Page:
Multiple independent second-site mutations in two siblings with somatic mosaicism for Wiskott–Aldrich syndrome


Christoph Klein, MD, PhD, Department of Pediatric Hematology and Oncology, Hannover Medical School, Carl-Neuberg-Straße 1, D-30625 Hannover, Germany.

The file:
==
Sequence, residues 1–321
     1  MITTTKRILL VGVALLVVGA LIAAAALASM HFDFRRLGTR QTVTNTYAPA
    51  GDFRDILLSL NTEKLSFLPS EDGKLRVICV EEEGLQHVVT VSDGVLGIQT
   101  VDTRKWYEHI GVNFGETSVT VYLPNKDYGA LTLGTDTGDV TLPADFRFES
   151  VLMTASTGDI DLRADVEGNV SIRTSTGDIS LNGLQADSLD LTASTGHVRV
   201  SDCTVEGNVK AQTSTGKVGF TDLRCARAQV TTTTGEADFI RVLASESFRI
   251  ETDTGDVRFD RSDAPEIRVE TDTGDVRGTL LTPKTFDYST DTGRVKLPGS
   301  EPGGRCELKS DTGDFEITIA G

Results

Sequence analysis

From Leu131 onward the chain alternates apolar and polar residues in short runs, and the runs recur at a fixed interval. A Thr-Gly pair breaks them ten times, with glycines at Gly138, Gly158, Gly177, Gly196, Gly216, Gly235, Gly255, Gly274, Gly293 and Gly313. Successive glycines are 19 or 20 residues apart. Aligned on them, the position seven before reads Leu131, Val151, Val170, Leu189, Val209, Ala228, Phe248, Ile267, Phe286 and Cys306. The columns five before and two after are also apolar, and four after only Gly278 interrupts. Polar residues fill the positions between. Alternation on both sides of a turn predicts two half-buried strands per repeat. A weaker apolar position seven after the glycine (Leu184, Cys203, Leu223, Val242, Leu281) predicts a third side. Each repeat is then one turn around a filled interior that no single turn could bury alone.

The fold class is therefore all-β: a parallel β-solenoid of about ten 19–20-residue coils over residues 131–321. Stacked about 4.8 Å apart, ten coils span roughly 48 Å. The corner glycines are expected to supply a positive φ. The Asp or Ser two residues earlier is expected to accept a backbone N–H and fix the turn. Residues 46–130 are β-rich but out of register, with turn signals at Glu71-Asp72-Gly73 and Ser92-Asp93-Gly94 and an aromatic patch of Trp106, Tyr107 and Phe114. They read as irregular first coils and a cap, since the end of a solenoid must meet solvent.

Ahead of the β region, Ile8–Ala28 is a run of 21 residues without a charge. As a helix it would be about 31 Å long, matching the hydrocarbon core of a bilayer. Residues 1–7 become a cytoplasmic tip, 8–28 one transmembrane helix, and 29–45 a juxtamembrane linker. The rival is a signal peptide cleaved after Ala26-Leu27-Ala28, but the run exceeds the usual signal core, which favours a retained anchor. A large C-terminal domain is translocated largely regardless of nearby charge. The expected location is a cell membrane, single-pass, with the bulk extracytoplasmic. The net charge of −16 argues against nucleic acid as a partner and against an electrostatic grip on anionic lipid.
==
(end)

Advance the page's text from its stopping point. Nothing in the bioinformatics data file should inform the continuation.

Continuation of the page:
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Wiskott–Aldrich syndrome (WAS) is an X-linked primary immunodeficiency disorder associated with microthrombocytopenia, eczema, autoimmunity and predisposition to malignant lymphoma. Although rare, few cases of somatic mosaicism have been published in WAS patients to date. We here report on two Ukrainian siblings who were referred to us at the age of 3 and 4 years, respectively. Both patients suffered from severe WAS caused by a nonsense mutation in exon 1 of the WAS gene. In both siblings, flow cytometric analysis revealed the presence of Wiskott–Aldrich syndrome protein (WASp)-positive and WASp-negative cell populations among T and B lymphocytes as well as natural killer (NK) cells. In contrast to previously described cases of revertant mosaicism in WAS, molecular analyses in both children showed that the WASp-positive T cells, B cells, and NK cells carried multiple different second-site mutations, resulting in different missense mutations. To our knowledge, this is the first report describing somatic mosaicism in WAS patients caused by several independent second-site mutations in the WAS gene.